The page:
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Full-Text Articles in Political Science

Slavery In Europe: Part 1, Estimating The Dark Figure, Monti Narayan Datta, Kevin Bales Nov 2013

Slavery In Europe: Part 1, Estimating The Dark Figure, Monti Narayan Datta, Kevin Bales

Political Science Faculty Publications

The estimation of the “dark figure” for any crime (the number of actual instances of a specific crime committed minus the reported cases of that crime within a population) has primarily rested on the ability to conduct random sample crime surveys. Such surveys are based on the assumption that victims experience crimes that are discrete, time-bound, and of relatively short duration. The crime of enslavement, however, presents a special challenge to estimation because it is of indeterminate duration. This challenge is compounded by the fact that victims of slavery are also often isolated by the stigma linked to sexual assault ...


Social Policy And Redistribution: Chile And Uruguay, Jennifer Pribble, Evelyn Huber Jan 2013

Social Policy And Redistribution: Chile And Uruguay, Jennifer Pribble, Evelyn Huber

Political Science Faculty Publications

In this chapter we ask two questions: First, we ask whether these governments, exemplifying best-case scenarios in Latin America, have embarked on a viable path toward a sustainable social democratic welfare state. Second, we ask whether and why they differ in their approaches and progress on this path, paying close attention to how the parties' organizational characteristics influence this variation. In their introduction, Levitsky and Roberts classify the left parties in Chile and Uruguay as an "institutionalized partisan Left," distinguished between an "electoral-professional" Left and a "mass-organic" Left. Uruguay's FA is an example of a mass-organic left party, while ...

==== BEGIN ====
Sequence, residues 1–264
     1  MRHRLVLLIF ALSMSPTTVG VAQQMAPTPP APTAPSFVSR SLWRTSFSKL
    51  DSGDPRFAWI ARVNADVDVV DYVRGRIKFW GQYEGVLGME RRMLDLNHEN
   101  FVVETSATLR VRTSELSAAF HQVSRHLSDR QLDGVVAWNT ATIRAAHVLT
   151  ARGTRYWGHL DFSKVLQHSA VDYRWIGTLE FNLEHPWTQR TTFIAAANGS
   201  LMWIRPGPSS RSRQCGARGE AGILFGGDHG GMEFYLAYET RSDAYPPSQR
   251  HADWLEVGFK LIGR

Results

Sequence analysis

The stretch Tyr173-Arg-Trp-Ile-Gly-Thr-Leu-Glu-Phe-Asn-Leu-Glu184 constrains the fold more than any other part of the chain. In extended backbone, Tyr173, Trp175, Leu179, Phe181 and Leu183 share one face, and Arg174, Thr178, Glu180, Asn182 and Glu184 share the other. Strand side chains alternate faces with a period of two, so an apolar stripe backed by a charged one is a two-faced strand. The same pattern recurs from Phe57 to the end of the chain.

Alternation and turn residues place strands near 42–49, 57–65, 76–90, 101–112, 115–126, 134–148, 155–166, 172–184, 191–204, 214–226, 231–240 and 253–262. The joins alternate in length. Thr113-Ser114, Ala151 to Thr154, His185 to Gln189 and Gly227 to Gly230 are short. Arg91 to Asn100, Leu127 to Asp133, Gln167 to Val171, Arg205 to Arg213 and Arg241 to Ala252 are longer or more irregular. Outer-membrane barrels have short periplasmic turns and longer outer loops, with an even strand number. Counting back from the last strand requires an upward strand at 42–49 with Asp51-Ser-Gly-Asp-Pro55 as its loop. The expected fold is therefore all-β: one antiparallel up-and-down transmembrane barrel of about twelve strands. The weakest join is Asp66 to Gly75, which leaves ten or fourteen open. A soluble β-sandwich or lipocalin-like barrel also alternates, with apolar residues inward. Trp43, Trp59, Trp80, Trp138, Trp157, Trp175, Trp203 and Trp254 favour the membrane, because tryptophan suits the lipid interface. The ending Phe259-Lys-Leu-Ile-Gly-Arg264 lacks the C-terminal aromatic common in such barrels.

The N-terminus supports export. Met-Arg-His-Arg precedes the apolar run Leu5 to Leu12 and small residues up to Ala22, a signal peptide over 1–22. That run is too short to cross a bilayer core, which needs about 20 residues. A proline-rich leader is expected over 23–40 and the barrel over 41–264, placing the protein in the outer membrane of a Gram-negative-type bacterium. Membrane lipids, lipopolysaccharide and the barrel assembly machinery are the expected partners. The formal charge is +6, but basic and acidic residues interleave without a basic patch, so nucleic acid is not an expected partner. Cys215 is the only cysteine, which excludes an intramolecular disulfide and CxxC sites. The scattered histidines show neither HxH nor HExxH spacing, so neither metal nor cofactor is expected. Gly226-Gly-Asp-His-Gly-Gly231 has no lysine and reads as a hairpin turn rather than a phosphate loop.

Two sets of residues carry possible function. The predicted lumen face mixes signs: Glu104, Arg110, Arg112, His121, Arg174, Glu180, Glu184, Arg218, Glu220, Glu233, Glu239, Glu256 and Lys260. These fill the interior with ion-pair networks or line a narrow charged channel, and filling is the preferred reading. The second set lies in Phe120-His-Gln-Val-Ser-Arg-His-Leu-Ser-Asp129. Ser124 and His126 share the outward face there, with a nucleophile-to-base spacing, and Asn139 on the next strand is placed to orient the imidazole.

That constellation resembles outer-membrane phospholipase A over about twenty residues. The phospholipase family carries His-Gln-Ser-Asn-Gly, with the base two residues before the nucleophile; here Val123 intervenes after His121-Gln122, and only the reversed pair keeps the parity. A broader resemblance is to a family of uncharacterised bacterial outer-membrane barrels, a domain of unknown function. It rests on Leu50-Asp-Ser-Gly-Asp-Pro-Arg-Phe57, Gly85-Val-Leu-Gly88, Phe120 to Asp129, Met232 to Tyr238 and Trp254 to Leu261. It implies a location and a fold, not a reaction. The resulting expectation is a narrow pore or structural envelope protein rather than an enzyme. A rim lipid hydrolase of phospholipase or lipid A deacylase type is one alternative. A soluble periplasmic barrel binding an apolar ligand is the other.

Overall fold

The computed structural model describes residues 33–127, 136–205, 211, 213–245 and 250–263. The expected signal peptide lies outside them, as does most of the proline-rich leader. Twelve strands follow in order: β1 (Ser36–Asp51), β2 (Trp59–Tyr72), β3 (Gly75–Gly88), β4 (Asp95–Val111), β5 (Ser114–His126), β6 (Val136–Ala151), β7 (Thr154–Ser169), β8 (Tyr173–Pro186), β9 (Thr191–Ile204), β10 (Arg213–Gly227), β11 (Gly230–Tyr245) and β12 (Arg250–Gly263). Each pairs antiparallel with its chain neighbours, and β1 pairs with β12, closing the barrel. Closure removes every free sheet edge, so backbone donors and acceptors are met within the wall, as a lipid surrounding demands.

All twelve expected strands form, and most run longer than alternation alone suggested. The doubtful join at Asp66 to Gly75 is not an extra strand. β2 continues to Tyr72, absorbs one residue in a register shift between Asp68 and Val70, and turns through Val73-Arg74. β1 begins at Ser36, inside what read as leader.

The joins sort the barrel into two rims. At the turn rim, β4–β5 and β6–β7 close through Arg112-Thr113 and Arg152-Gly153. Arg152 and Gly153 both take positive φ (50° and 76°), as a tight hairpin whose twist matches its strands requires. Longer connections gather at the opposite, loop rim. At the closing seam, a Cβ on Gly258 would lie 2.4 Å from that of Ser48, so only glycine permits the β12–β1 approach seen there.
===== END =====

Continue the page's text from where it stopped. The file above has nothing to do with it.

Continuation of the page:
Racism In The Nation's Service: Government Workers And The Color Line In Woodrow Wilson's America, Eric S. Yellin Jan 2013

Racism In The Nation's Service: Government Workers And The Color Line In Woodrow Wilson's America, Eric S. Yellin

Bookshelf

Between the 1880s and 1910s, thousands of African Americans passed civil service exams and became employed in the executive offices of the federal government. However, by 1920, promotions to well-paying federal jobs had nearly vanished for black workers. Eric S. Yellin argues that the Wilson administration's successful 1913 drive to segregate the federal government was a pivotal episode in the age of progressive politics. Yellin investigates how the enactment of this policy, based on Progressives' demands for whiteness in government, imposed a color line on American opportunity and implicated Washington in the economic limitation of African Americans for decades ...